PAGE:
unnecessary financial and administrative burdens on participants in the
Australian telecommunications industry [para. 5.115].
Government Senators agree that the telecommunications
industry should be regulated to ensure that consumer interests are met, but not
at the expense of the participants in the industry. We therefore believe that
each aspect of regulation - the light touch policy of the ABA
and the more regulative approach of the ACA - should be made according to need;
a "horses for courses" approach.
The Committee recommends that the ACA and the ACMA give urgent
consideration to the adoption of the recommendations in the ACA research report
Consumer Driven Communications:
Strategies for Better Representation, as part of a concerted effort to
ensure that the ACMA is more pro-consumer than the ACA and ABA were able to be
and that the Government give urgent consideration to any amendments to
communications legislation that the ACMA deems necessary as a result of such
consideration [para. 5.122].
Government Members agree that ACMA should give consideration
to research and reports regarding consumer representation within the
communication sector. However we do not support the call for such reports to be
adopted in totality. Rather the ACMA should be mindful of these reports and advise
which aspects of their findings are appropriate.
The Committee recommends that the main bill be amended to:
to the promotion of competition as a legitimate means to advance objectives of
consumer protection in clause 8 of the main bill;
the development and enforcement of adequate consumer protection requirements
into clause 8 of the main bill; and
to the enforcement as well as the monitoring of compliance with codes of
practice for broadcasting into clause 10 of the main bill [para. 5.124].
Again, Government Senators see no need to amend the main bill,
but support in principle the need to ensure the enforcement of adequate
consumer protection and the monitoring of compliance of codes for broadcasting.
Therefore recommendation 16 is supported in-principle.
The Committee recommends that Telecommunications
(Consumer Protection and Service Standards) Act 1999 be amended in order to
establish a single Communications Industry Ombudsman [para. 5.141].
Government Senators do not disagree with the possibility
that the TIO could be used to develop a simpler and more streamlined process of
consumer compliant handling. However, we do not consider that the Telecommunications (Consumer Protection and
Service Standards) Act 1999 be amended at this stage. This may be a
decision in which ACMA could advise in the future. Therefore, we support in-principle
Recommendations which are rejected:
Government Senators were disappointed that the non-government
Senators used this inquiry to raise a number of issues which were not pertinent
to the establishment of the ACMA. A number of the majority report's recommendations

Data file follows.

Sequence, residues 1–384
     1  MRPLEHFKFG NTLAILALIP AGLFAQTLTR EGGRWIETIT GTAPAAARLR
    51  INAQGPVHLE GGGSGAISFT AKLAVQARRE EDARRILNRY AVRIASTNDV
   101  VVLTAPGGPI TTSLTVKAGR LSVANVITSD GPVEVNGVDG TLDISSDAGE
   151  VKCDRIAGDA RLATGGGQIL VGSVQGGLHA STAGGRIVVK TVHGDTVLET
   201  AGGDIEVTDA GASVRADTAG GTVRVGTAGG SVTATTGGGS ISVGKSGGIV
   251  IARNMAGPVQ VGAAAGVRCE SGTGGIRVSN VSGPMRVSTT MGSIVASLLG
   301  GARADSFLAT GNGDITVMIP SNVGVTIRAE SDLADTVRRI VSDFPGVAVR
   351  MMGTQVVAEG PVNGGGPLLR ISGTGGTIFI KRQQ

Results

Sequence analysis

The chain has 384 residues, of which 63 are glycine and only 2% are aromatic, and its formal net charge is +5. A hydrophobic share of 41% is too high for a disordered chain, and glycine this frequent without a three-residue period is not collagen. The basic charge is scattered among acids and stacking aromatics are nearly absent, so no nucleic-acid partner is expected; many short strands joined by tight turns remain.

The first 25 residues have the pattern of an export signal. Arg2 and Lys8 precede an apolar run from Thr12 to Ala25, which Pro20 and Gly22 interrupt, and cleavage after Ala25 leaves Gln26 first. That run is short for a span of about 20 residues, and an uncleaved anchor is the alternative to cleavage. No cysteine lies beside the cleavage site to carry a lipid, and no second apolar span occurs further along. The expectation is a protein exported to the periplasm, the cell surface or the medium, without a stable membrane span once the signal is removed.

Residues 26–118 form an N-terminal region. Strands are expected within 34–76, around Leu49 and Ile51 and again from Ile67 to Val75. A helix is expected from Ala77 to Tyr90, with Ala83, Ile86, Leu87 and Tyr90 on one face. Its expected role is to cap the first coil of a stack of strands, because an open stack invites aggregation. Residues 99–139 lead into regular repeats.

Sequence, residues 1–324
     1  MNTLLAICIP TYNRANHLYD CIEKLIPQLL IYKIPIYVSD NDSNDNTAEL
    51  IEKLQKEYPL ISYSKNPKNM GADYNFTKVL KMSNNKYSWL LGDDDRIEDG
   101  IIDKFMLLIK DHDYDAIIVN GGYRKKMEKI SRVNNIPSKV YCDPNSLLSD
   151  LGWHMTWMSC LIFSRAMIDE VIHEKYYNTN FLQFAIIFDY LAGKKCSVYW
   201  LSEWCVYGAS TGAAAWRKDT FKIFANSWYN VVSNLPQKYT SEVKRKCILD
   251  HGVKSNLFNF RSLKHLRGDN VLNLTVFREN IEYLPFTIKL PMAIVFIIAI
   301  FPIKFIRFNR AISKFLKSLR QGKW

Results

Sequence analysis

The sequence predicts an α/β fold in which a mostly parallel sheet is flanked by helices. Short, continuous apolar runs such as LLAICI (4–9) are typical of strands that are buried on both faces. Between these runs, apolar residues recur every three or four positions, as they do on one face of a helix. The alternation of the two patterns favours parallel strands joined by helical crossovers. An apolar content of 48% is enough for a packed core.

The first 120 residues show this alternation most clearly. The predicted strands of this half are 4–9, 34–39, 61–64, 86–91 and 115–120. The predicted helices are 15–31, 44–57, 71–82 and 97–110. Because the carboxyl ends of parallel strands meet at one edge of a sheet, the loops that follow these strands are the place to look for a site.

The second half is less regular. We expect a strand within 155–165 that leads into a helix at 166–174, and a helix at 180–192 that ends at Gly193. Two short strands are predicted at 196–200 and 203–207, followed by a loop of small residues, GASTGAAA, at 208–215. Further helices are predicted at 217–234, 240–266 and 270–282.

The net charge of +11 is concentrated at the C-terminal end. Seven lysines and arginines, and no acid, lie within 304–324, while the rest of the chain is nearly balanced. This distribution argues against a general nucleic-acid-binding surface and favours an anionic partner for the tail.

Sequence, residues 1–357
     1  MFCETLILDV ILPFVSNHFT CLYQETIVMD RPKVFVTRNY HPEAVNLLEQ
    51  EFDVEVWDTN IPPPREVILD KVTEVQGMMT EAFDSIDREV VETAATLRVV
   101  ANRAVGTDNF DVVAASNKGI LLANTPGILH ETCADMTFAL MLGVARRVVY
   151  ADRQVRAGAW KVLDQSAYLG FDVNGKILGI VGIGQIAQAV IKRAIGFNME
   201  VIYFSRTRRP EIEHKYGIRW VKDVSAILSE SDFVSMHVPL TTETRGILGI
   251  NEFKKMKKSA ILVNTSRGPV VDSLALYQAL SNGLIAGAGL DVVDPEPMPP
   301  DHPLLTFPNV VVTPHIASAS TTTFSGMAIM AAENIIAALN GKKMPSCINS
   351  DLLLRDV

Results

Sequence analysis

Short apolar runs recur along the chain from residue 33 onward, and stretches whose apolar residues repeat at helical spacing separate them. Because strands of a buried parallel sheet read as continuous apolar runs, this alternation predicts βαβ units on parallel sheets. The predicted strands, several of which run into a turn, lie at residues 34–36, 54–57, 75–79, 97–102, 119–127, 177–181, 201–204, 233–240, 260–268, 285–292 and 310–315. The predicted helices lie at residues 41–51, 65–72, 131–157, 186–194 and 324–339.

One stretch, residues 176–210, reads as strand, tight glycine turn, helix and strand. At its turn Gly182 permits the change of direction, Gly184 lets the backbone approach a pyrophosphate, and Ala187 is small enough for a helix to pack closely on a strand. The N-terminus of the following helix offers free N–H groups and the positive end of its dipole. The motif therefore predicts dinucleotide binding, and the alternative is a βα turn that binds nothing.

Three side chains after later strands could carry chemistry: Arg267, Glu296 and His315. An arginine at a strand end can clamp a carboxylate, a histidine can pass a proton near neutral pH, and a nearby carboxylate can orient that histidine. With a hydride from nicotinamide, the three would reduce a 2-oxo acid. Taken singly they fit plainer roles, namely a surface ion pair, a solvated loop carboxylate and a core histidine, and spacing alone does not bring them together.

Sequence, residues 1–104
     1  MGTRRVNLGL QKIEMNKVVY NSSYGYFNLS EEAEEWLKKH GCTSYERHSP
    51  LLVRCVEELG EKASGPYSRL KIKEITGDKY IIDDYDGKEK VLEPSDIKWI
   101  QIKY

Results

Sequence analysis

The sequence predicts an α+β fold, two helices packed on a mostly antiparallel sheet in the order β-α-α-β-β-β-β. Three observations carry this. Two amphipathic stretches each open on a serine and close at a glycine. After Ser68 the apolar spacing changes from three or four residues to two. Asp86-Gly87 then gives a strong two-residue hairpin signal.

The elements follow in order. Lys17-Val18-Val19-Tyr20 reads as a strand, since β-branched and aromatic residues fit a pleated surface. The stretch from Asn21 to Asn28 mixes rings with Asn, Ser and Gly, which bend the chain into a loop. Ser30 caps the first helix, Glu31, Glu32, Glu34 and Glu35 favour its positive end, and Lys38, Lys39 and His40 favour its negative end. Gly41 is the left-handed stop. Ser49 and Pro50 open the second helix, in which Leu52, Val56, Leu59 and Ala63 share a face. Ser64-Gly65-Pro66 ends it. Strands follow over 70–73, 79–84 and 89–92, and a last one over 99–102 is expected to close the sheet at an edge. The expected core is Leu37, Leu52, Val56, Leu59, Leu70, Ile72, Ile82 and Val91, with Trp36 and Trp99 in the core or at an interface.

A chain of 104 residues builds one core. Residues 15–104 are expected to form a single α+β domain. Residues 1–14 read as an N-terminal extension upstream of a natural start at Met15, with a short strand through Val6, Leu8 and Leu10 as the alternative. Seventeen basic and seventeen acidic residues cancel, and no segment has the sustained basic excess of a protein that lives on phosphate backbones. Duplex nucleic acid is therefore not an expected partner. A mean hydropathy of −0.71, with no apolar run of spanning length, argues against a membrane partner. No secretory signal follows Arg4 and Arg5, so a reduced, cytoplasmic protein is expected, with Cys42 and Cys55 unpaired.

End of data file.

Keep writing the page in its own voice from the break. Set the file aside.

dealt with broader issues within telecommunications which were not only outside
the remit of this inquiry but which had been dealt with in previously inquiries
of this Committee. We reject the following recommendations as we rejected them
in previous reports:
The Committee recommends that the main bill be amended to require
the ACMA to provide reports to the Parliament on matters of communications
policy from time to time where the ACMA is of the view current policy settings
are inadequate to meet current or future challenges [para. 5.21].
The Committee recommends that the Productivity Commission be
tasked to undertake a full examination of all options for structural reform in
Australian telecommunications, including but not restricted to, structural
separation of Telstra [para. 5.38].
The Committee recommends that Telstra be required to divest its
shareholding in Foxtel [para. 5.39].
The Committee recommends that the Government should direct the
Australian Competition and Consumers Commission to provide further advice on
its recommendations in its report Emerging Market Structures in the
Communications Sector on the feasibility of introducing a content access regime
The Committee recommends that the Government should direct the
Australian Competition and Consumer Commission to provide further advice on its
recommendations in its report Emerging
Market Structures in the Communications Sector that Telstra be required to
divest itself of its HFC network [para. 5.41].
The Committee recommends that the Government consider the creation
in legislation of a Content Board modelled on the United
Kingdom model to advise the ACMA on content
regulation [para. 5.56].
Government Senators believe that the inclusion of the
establishment of a Content Board within the ACMA is not appropriate at this
time, given that the ACMA will be expected to regulate broadcasting content
under the same principles as the current ABA,
and that the ACMA would alter regulations as required in the future. We
therefore reject recommendation 8.
The Committee recommends that clause 57 of the main bill be
amended to make it clear that reports under the Broadcasting Services Act on complaints received and investigations
conducted will be publicly released [para. 5.148].
While the Government believes that it is necessary to have a
responsible complaints mechanism it is not necessarily appropriate that all
complaints be made public. Therefore Government Senators reject recommendation
This inquiry has produced some useful insights into a number
of issues, and Government Senators support a number of recommendations in-principle.
However, we also note that the establishment of the ACMA is a first step in a
process of regulatory review and change. Therefore there is no need to amend
the package of bills associated with the establishment of the new Authority.
As stated in one submission to the inquiry:
As tabled [the Bills] reflect the Government’s stated intention
of combining the two bodies but not changing the regulatory regimes that they
administer. This...is the best course, given the decision to merge the bodies....To
modify aspects of existing regulatory regimes would be inappropriate, as
consultation with the industries affected by the merger has been conducted on
the basis that it will involve no alteration to regulatory frameworks. If
changes to regulatory structures are to be seriously contemplated....they should
be the subject of appropriate public consultation processes.
Government Senators note that within the communications
industry and wider community there is wide spread support for the establishment
of the ACMA.
Optus supports the merger of the Australian Communications
Authority (ACA) and the Australian Broadcasting Authority (ABA) as put into
effect via the ACMA Bill 2004. We consider that an integrated structure will
allow emerging issues (including in respect of internet regulations and mobile
content) to be optimally addressed in a manner which avoids jurisdictional
overlap and associated inefficiencies and regulatory uncertainty.
The ACMA will be better placed to address the jurisdictional
overlap and associated inefficiencies and regulatory uncertainty which